Along with Mel Silva, I teach several workshops a year in an ongoing effort to perpetuate the craft. This is very gratifying to me. There is a fear that this art form may die out as the young people on the Reservation are not continuing to learn from their elders and to weave in any significant numbers. Therefore, as instructors, we feel that we are passing on the craft as a little bit of insurance that this may not happen. Some of the Navajo do not approve of the Anglos weaving, but we have been fortunate enough to have contact with those who do appreciate what we are doing. We do not sell our work, only our knowledge, so we do not feel we are infringing on the cultural values of the Navajo. In addition, there are only a couple of teachers of traditional Navajo weaving in California and many who might be interested in learning are not able to travel to the Reservations and camp out as we have in order to learn.
No matter what else I may become, I will always be a weaver!
As a young boy I was interested in the Native American people, their arts and crafts. I remember a motoring trip with my parents across the Navajo Nation which included Monument Valley and I was so impressed with their culture and sacred homeland. In the early 1980’s I discovered traditional Navajo weaving from Working With The Wool by Noël Bennett and Tiana Bighorse. My first rug making experience was sobering since it was evident that weaving even a small Navajo rug was a very lengthy process calling for a great deal of skill, time, and perseverance.
In the early 1990’s, working with many teachers in my profession, I discovered Caroline Spurgeon, an Anglo weaver. She agreed to expand my previous learning and take on a novice weaver friend as well, Marilyn Greaves. We both greatly enjoyed the time spent with Caroline who gave of her knowledge so that two weavers could grow in their skill weaving the Navajo Way. From that experience I have worked with Sarah Natani at her home in Shiprock, NM. I also had the extreme pleasure of spending three summers in Carbondale, Colorado, working with Angie Maloney, master weaver from Tuba City, AZ, and her sister Mae Peshlakai, a weaver of Navajo textiles and a silversmith.
Through Angie’s efforts I was immersed in weaving in the authentic Navajo way, and became one of her honorary clan, Ta’neeszahnii, the Tangle People.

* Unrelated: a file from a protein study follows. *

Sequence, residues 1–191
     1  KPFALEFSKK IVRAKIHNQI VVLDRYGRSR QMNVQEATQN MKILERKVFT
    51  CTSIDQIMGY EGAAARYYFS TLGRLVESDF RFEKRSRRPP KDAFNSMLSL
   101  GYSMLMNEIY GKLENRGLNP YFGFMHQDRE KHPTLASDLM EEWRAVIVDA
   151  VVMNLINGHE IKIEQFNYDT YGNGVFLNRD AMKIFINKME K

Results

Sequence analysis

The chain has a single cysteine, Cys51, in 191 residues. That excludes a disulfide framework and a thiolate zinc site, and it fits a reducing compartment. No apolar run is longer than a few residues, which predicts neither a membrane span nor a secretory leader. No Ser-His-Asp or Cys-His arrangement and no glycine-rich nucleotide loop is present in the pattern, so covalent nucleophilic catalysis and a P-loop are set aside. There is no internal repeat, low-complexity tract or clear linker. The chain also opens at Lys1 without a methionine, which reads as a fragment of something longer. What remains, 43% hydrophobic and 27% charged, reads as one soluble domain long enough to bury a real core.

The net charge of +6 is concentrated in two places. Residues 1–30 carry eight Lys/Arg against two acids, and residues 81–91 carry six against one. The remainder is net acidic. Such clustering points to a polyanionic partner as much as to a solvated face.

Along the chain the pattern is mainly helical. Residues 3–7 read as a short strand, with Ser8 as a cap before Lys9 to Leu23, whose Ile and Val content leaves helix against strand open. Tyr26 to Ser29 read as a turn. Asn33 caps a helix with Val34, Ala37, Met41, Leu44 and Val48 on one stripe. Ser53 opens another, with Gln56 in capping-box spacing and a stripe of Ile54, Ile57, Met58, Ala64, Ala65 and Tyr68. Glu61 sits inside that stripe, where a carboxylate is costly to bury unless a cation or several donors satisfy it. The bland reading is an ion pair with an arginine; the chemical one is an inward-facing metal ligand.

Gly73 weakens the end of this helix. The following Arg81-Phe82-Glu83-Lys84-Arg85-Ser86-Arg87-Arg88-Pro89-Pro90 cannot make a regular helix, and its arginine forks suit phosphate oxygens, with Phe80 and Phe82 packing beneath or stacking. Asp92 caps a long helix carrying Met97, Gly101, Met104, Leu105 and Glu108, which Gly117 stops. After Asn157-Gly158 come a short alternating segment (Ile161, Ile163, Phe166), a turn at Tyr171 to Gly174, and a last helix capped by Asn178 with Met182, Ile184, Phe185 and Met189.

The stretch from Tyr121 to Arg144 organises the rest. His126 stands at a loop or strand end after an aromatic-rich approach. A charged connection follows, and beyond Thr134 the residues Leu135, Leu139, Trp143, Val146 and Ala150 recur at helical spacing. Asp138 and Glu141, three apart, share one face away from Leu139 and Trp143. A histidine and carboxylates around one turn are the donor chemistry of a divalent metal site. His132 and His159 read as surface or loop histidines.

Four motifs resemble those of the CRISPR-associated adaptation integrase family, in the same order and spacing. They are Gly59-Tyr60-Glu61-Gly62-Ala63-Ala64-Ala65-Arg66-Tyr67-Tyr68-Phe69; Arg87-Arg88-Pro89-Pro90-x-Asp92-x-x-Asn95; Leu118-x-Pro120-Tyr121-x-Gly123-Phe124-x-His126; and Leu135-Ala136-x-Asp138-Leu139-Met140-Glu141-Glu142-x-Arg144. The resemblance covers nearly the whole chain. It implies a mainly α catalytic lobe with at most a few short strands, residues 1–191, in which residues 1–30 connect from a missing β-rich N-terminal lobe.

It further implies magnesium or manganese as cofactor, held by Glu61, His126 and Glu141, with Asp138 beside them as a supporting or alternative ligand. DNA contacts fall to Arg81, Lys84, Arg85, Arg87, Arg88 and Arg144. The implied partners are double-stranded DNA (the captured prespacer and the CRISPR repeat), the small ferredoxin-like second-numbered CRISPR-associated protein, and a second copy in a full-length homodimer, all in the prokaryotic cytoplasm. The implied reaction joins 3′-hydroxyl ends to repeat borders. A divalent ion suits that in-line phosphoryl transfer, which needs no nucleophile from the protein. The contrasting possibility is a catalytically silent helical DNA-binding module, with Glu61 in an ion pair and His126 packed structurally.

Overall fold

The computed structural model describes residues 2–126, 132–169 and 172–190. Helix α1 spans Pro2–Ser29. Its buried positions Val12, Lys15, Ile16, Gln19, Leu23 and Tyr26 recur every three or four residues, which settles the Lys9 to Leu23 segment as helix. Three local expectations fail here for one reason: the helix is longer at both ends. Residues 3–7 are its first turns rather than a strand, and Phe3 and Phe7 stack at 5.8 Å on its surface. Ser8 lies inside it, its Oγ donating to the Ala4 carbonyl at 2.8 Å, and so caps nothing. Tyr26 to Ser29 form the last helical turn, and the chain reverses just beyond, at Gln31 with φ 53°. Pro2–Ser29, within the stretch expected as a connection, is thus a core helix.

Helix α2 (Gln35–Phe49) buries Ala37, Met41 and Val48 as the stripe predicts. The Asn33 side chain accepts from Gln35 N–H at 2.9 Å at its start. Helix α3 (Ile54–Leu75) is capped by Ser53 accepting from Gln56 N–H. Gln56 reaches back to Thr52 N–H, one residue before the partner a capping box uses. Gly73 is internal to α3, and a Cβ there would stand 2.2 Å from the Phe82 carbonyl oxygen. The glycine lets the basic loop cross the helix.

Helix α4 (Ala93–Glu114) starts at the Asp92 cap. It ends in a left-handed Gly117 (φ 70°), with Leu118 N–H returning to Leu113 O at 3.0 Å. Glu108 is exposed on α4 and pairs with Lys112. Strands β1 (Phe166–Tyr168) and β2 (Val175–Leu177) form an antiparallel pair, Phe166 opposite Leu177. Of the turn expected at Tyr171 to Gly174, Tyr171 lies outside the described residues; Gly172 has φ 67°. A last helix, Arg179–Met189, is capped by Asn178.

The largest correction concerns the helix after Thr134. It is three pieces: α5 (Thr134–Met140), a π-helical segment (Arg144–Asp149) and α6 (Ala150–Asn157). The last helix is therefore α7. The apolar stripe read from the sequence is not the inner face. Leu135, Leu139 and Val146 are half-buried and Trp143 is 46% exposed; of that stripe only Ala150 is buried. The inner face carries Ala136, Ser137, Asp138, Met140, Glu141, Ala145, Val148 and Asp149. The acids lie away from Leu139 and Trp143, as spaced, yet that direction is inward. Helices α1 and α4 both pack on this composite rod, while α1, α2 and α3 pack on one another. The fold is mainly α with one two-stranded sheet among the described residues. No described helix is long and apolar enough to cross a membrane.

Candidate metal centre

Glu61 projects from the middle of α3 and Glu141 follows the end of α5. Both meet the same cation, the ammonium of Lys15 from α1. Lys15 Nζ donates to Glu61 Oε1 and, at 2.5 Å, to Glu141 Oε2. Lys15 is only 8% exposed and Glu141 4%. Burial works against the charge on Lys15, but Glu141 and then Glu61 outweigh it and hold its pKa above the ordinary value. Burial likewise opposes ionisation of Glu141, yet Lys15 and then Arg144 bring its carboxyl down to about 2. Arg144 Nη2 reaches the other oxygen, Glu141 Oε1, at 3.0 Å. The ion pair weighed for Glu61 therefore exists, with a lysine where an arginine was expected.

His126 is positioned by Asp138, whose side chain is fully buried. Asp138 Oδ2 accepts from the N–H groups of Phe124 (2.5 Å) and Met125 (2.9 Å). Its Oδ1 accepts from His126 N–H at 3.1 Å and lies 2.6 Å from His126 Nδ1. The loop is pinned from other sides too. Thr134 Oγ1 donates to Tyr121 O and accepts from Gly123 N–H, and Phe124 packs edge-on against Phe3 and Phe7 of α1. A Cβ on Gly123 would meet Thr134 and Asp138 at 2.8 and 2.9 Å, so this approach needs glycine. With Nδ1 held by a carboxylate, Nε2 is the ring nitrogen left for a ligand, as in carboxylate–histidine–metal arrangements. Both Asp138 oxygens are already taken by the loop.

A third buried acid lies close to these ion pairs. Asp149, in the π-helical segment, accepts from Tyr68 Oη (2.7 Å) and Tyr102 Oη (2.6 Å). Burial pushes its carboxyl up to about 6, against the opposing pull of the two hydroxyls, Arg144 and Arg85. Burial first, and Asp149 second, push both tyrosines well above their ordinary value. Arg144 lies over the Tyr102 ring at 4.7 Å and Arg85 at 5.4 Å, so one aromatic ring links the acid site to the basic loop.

Subsequently, along with my co-teacher Marilyn Greaves, we have taught traditional Navajo weaving in classes during the 1990’s to the present day in the Sacramento and Central Sierra foothill areas. Classes are offered at the Beginning, Intermediate, and Advanced levels. We are listed as an indigenous weaving instruction source on Mary Walker’s Weaving in Beauty web site, www.weavinginbeauty.com offering classes in the Sacramento area of CA.
Navajo weaving is a labor-intensive and time-consuming endeavor. This craft is not one of instant gratification and many consider it too tedious for their liking. This is what makes us all different. For us, it is not about the production, but about the process. There is so much history connected with weaving in the Navajo style that usually while weaving we are thinking about the people and the culture from whence this wonderful craft came and for which we are privileged to have learned to weave. It is most rewarding to see the amazement on the faces of onlookers when they realize what a great amount of time and energy goes into the creation of a Navajo rug.
We both spin a bit and have done some fiber dying. We take the time to make our own twining cords for the ends and/or sides of a rug. Mel is accomplished on the Navajo spindle and has, on several occasions, hand-spun the wool for his project. The hand-spun yarn from a Navajo spindle does truly add a special and unique appearance to the finished product that is difficult to achieve with a commercial yarn.
For others, their primary interest is weaving and they may prefer to spend what precious spare time is available devoted to working at the loom. We try to purchase yarns as much as possible from Reservation sources and we have a dying expert in our Navajo weaving circle who can create wonderful custom colors and hues for us.
There is a picture of one of Marilyn’s unfinished large rugs in progress in the Navajo Looms article. Roughly calculated, it will have taken approximately 300 hours to weave when completed. Were Marilyn to have sheared a sheep, skirted the fleece, scoured, carded and spun the wool, the time for the entire project could probably easily double.
This craft has opened our world to many wonderful textures, colors, styles and techniques, and it has brought us together with a great many interesting and artistic people that we would be sad to have missed out on had we not ventured there.
In addition, I weave many traditional rug styles, twills, tufted, pictorial, including an authentic Navajo horse cinch. I have been making Navajo vertical style looms, full size and mini. I also have fashioned weaving tools, forks, battens, etc. from exotic and traditional woods since the early 1980s. I am a member of the Ashtl’o Weaving Guild, the Sacramento Spinners and Weavers Guild, The Hangtown Fiber Guild, and the Great Basin Basket Makers Guild, located in Reno, NV.
For more about Navajo looms and weaving tools , click here.